Harvest of Black Bears in the Ongoing Management of Expanding Populations in Oklahoma

USGS Cooperative Research Unit Corner

Harvest of Black Bears in the Ongoing Management of Expanding Populations in Oklahoma


The Oklahoma Cooperative Fish and Wildlife Research Unit and faculty and students from Oklahoma State University are studying spread, population viability, and habitat use of expanding black bear populations in eastern Oklahoma. The research is supported by the Oklahoma Department of Wildlife Conservation (ODWC) through funding from the Federal Aid in Wildlife Restoration Program.

The distribution of black bears (Ursus americanus) historically included Oklahoma and Arkansas. During the late 1800s, over-hunting and habitat loss reduced those populations to near extinction in this region. In the 1950s and 1960s, the Arkansas Game and Fish Commission reintroduced black bears to the Ozark and Ouachita Mountains of Arkansas. The reintroduction efforts were successful, and by the late 1990s, the ODWC recognized that black bears were expanding into eastern Oklahoma.

In the early 2000s, it became clear that a core population in southeastern Oklahoma could provide sportsmen the opportunity to hunt black bears. The first season occurred in autumn 2009, and 233 black bears were harvested through 2014. Black bear populations continue to expand northward in eastern Oklahoma, and current research is focused on assessing the impact of the first six years of harvest on the core population and collecting data to see if the harvest can be expanded into areas where black bears are becoming more common. Using barrel traps and M15 Bucket Snares, teams are capturing and marking black bears in the Ozark and Ouachita regions of Oklahoma. Satellite collars are being deployed on females and select males. These collars offer the opportunity to collect more locational data (up to six locations per day) than traditional VHF collars. Using these data, the research team can evaluate population expansion and monitor reproduction and cub-to-yearling survival during winter den surveys.

Research in the Ozarks began in 2011, with trapping efforts focused in Sequoyah, Cherokee, and Adair counties. In this region, most available black bear habitat is privately owned, and those properties are often used for hunting, with wildlife feeders dotting the landscape. Private landowners and cooperators made it possible for research teams to capture, mark, and track black bears for the past five years. During that time, 50 bears (14 females, 36 males) were marked during summer and an additional 27 cubs (10 females, 17 males) were marked with Passive Integrated Transponder (PIT) tags in dens. Winter den visits revealed that at least 10 cubs did not survive; however, four male yearlings with PIT tags were subsequently captured during summer trapping. More than 13,000 satellite locations have been recorded and are currently being analyzed to determine home range size and habitat use. It is obvious that bears in the Ozarks rely heavily on wildlife feeders when natural food sources are scarce. This may be beneficial to bears during years of mast failure, but it also creates conflicts with hunters when bears break feeders and consume 100s of pounds of feed!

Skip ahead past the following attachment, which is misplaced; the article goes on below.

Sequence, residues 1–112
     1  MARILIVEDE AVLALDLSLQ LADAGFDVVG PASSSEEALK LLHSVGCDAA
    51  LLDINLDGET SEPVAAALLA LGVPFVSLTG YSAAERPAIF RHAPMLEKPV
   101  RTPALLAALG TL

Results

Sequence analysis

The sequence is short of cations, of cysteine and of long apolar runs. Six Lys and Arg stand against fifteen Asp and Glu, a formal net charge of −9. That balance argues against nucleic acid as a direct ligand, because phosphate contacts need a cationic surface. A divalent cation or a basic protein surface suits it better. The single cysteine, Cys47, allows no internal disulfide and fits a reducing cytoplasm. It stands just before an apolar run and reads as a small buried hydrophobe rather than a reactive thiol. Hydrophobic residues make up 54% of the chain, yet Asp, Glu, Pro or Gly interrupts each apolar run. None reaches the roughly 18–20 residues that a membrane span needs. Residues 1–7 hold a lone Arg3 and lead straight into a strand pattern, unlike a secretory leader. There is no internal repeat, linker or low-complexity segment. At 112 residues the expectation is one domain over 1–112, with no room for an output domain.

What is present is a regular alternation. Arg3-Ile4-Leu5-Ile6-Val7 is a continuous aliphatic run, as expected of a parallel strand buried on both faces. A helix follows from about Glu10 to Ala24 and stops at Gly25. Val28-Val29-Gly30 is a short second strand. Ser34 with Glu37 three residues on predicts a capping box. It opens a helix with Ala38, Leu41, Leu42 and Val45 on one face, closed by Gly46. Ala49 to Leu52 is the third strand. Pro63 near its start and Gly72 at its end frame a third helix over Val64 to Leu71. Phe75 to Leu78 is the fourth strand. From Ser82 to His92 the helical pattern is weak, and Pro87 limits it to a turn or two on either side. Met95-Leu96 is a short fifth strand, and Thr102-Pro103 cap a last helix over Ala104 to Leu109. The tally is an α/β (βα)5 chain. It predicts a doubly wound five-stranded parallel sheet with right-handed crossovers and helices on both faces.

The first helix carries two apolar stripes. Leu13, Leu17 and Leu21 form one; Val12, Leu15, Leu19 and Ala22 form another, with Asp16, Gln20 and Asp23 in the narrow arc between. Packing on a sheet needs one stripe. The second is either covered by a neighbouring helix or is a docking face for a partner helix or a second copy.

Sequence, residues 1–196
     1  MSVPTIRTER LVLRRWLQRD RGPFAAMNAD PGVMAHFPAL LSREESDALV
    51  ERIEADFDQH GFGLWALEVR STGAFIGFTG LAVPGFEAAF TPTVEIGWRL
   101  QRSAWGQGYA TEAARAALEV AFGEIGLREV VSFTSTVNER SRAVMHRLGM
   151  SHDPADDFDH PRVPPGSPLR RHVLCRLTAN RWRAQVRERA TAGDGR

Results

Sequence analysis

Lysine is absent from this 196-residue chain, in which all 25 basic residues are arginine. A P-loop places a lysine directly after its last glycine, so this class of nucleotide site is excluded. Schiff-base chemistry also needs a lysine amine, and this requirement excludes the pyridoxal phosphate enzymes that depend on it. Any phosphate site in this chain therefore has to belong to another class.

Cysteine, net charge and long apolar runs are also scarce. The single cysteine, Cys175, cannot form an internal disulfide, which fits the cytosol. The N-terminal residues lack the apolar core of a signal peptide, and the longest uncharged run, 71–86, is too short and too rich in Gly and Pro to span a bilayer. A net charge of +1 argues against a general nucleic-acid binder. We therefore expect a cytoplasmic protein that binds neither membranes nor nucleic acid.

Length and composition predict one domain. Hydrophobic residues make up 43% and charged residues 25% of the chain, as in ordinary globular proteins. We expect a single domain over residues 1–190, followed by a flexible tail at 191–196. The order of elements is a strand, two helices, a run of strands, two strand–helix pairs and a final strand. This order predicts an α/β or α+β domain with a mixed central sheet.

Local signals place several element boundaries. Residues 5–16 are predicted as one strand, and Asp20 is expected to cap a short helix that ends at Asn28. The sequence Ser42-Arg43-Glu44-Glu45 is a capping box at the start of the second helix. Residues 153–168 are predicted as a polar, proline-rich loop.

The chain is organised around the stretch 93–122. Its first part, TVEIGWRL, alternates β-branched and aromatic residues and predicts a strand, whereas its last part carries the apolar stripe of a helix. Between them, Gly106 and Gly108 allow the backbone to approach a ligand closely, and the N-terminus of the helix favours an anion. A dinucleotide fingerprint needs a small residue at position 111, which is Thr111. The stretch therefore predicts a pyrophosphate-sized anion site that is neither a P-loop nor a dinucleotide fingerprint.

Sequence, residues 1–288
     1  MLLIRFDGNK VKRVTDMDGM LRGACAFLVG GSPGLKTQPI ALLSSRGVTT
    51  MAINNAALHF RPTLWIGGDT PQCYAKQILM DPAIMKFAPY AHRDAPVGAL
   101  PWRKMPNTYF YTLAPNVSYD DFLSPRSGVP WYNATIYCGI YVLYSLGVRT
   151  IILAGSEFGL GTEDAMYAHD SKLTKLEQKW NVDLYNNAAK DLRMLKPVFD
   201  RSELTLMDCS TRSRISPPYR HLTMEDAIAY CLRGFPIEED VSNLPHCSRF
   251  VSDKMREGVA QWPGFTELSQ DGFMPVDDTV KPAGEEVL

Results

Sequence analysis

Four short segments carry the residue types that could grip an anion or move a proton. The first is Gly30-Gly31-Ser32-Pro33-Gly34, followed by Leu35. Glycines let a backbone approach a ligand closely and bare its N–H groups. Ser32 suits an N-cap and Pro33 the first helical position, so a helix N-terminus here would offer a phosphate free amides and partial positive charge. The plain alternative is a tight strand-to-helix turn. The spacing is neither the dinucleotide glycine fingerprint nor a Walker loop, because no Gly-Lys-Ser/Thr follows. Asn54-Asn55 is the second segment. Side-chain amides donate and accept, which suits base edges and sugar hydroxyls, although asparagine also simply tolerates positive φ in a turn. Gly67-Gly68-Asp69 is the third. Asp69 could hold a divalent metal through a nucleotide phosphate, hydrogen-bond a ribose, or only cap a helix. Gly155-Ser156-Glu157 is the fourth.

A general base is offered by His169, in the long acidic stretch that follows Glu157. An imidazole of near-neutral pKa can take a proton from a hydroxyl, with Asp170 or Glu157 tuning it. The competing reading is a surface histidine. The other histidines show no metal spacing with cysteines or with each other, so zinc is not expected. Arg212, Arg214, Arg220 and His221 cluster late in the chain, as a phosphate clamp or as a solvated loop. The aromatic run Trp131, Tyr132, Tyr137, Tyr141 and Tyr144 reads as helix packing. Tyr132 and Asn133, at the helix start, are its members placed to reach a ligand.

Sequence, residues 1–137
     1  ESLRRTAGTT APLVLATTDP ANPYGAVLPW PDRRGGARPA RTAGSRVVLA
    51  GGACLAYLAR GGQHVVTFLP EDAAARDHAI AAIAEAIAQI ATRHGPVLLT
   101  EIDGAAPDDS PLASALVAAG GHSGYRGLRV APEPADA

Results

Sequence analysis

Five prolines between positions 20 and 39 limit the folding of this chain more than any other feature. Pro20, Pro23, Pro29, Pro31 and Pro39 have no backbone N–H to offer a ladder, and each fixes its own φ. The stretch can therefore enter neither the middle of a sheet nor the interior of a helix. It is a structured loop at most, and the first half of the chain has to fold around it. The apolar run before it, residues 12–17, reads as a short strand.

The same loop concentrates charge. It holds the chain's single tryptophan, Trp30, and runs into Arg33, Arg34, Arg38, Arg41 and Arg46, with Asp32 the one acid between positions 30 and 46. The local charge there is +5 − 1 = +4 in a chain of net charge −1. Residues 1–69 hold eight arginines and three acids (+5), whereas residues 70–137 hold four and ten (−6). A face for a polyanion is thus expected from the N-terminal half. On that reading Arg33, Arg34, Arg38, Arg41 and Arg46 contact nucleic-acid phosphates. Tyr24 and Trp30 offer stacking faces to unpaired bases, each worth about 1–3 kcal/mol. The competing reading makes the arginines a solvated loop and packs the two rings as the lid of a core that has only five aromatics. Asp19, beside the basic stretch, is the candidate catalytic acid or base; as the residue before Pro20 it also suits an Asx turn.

In 2014, teams resumed work in southeastern Oklahoma to describe the changes in and expansion of the bear population centered in the Ouachita National Forest. Trap lines originally developed in LeFlore County in 2001 were reinstated, and new lines were developed in McCurtain and Pushmataha counties. During two years of summer trapping, 123 black bears (63 females, 60 males) were marked and more than 35 satellite collars were deployed. The team was excited to recapture five bears (4 females, 1 male) originally marked during 2001?2002 trapping efforts, and to record that the females were reproductive at 19 years of age. In 2015, teams located six females in winter dens and marked 15 cubs (5 females, 10 males) with PIT tags.

The first stages of research are drawing to a close this spring, but research will continue through June 2018. Expanded trapping efforts and continued monitoring of females marked with satellite collars will allow us to assess the distribution and give us a better understanding of reproduction and survival of bears in both regions. The success of this research is a direct result of the strong working relationships among the partnering agencies and the willingness of private landowners to open their gates.

The ONB features articles from Cooperative Fish and Wildlife Research Units across the country. Working with key cooperators, including WMI, Units are leading exciting, new fish and wildlife research projects that we believe our readers will appreciate reading about. This article was written by David (Chip) Leslie (cleslie@usgs.gov), Unit Leader at the USGS Oklahoma Cooperative Fish and Wildlife Research Unit at Oklahoma State University, and by Sara Lyda, Senior Research Scientist at Oklahoma State University (sara.lyda@okstate.edu).

February 16, 2016